My DNS happiness is complete

July 10th, 2008

I have been using Gandi as my preferred register for some years now. They have probably the most customer-friendly AUP out there, are reliable, and good decent folks. I have liked everything about them.

Except the fact that they don’t have whois privacy. But now they do! Woohoo! They did have whois spam protection all along, but your address and phone number was visible to everyone.

Whois privacy services are something that you have to keep a close eye on. What you want is for your name to still show up in the public whois database, but just nothing else. Some whois privacy services put *their* name there, which means technically they own the domain. I wouldn’t trust that. Gandi is better about it. Your name, their address and phone number.

Of course, you still have to give Gandi your real contact info, and there are some situations in which it will be revealed. But all in all, I am very happy to see them doing this.

I had looked at other registrars that provided whois privacy, and never liked them for various reasons. Many happened to also have quite restrictive terms of service (hello Dynadot), maybe were good people but had restrictive ToS and crappy interface (register4less), etc.

Now I get to stick with Gandi and get the features I want. I’m very happy with that.

Categories: Technology

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Comments Feed9 Comments

  1. Eric Bostrom

    Now the government can’t keep track of the highly secretive Kansas Suburblog mystery author!

    :)

    Reply

  2. Stemp

    Thanks for the info I didn’t know about it. Nice feature from Gandi.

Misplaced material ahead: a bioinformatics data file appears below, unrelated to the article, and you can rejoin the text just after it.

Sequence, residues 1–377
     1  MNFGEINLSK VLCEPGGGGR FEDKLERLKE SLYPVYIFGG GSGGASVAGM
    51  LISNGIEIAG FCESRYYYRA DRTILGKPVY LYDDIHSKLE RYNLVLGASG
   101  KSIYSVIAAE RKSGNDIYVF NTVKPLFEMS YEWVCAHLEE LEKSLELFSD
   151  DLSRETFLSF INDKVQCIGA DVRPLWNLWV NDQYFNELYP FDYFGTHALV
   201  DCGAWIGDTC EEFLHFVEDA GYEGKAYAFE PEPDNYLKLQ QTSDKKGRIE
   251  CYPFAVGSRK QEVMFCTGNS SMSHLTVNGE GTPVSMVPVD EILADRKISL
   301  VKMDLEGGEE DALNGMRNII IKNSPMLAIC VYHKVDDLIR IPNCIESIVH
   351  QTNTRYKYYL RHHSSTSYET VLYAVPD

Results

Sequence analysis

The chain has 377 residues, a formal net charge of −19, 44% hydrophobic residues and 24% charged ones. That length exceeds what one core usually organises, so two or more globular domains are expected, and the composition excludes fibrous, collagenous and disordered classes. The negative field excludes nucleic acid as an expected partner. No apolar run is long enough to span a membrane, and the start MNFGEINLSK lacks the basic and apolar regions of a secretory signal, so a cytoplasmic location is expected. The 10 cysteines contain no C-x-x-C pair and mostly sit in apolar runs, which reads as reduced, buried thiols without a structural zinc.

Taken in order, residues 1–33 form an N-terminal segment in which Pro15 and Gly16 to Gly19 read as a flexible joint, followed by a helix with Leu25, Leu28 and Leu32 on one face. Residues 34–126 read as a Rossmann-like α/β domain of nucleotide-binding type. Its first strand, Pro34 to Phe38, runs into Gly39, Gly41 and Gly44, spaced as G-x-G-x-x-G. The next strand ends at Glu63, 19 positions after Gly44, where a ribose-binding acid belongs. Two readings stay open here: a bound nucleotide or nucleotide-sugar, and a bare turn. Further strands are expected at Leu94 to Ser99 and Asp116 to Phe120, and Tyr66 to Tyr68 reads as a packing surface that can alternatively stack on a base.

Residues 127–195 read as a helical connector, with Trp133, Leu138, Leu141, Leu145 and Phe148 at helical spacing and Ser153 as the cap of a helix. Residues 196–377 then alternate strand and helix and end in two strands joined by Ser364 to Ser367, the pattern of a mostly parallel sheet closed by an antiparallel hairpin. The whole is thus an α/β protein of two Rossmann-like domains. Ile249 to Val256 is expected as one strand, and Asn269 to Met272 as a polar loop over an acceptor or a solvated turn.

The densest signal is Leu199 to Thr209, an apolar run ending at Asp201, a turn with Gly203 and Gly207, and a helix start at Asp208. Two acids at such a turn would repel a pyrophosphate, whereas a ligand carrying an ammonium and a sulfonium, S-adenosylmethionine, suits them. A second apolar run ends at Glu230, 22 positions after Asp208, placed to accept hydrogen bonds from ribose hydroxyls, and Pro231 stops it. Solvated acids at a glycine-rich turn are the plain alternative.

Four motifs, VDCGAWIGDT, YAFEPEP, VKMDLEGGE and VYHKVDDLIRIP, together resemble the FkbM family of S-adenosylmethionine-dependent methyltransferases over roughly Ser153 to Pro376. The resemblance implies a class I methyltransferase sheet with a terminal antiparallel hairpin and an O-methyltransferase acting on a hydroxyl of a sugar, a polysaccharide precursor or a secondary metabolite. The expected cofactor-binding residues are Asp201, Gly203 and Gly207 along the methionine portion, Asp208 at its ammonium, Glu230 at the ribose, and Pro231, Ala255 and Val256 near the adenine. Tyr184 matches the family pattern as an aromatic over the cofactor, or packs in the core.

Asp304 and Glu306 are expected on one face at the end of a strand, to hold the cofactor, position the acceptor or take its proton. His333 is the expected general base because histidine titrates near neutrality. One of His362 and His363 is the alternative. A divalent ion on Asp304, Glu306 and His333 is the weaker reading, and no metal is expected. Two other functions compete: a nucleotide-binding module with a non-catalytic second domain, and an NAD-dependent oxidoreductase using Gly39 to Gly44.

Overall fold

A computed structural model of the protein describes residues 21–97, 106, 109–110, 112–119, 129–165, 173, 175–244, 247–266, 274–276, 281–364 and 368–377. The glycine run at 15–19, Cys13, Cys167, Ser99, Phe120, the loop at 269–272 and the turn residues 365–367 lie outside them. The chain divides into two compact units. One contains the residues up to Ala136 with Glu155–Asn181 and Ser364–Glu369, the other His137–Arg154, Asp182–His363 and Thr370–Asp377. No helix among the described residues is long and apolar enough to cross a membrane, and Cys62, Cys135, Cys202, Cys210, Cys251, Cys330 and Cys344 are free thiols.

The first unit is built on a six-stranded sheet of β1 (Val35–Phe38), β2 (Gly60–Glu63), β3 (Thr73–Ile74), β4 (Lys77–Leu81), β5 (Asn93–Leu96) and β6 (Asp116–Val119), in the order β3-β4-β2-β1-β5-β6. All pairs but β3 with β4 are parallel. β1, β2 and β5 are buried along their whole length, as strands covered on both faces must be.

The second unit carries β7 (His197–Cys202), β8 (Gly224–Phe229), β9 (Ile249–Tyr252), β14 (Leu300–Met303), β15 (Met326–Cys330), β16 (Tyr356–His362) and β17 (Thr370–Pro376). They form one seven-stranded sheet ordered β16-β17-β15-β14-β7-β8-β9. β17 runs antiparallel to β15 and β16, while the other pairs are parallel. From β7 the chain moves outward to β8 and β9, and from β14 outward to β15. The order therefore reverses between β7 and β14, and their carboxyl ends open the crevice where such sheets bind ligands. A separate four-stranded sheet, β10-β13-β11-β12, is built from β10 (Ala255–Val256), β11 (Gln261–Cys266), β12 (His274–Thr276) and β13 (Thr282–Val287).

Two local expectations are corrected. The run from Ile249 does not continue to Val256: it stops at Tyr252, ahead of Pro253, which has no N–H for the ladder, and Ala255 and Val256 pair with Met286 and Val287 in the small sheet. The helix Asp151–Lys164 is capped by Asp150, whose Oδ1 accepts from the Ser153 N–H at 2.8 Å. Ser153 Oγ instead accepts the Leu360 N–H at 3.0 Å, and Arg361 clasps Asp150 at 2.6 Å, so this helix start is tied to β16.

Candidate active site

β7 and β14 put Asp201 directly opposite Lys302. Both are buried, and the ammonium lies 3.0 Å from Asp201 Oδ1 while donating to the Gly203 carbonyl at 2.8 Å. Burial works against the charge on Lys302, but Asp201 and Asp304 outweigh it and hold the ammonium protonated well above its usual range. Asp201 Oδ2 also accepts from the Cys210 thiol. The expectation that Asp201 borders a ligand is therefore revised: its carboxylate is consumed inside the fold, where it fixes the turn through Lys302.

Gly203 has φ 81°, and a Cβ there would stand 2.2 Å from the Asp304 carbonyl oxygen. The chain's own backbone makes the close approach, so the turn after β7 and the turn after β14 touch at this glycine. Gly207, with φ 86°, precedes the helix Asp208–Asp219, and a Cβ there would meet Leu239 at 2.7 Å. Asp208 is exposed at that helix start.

And you’re right they are nice folks.

    Reply

  3. Joey Hess

    I actually asked Gandi a while ago if they could people stop obfuscating/filtering my contact details in my whois entry. Because I *want* people to be able to email, call, or write me about DNS issues.

    They refused.

    Privacy is nice, except when it is forced upon you.

    Reply

  4. Joey Hess

    Erm, that is, I remember them refusing, but they must have changed their minds, since my whois is de-obfuscated at the moment.

    Anyway, it’s a pity that whois can no longer generally be used for the purpose for which it was intended — reliably getting out of band contact information for domain admins.

    Reply

    John Goerzen Reply:

    That’s weird. I don’t think I’ve ever had them obfuscate my whois data. Except my email address, which I chose for them to do. They publish email addresses that rotate every so often, and expire every so often, but people that email the current address will be be forwarded to your real address. So you can still reliably use whois to email people.

    Reply

    Anonymous Reply:

    I look at it the other way around: it seems like a pity that the domain name infrastructure does not support fully anonymous domain names.

    Reply

  5. Anonymous

    Did you read the terms of service for the new privacy service? They say, among other things, “We will disclose the complete contact information that has been registered for the Gandi handle that is attached to a domain name: … to any third party that requests it”. That seems to make the privacy service completely useless.

    Reply

    Ryan Reply:

    Thank you for sharing this with everyone John!

    Indeed, it is a privacy service, and gives domain name owners at Gandi.net more privacy in the ownership of their domains.

    What it does NOT do: put the ownership of your domains at risk! At all times, it is very clearly the domain owner that is in control of the domain. There is no “proxy” service, or other company that is involved: at Gandi, *you* own the domain, period. With 100% domain name ownership does come some legal obligations, one of which is that you must be able to be contacted at any time by a third party. This is imposed on all ICANN accredited registrars.

    If you would like to discuss this point directly with Gandi, I warmly invite you to visit the Gandi Bar at http://www.gandibar.net :)

    Reply

    John Goerzen Reply:

    Yes, I did read that. Elsewhere it said that it would be turned over to authorized requesters under French law.

    It may not be perfect, but it’s a lot better than nothing.

    Reply

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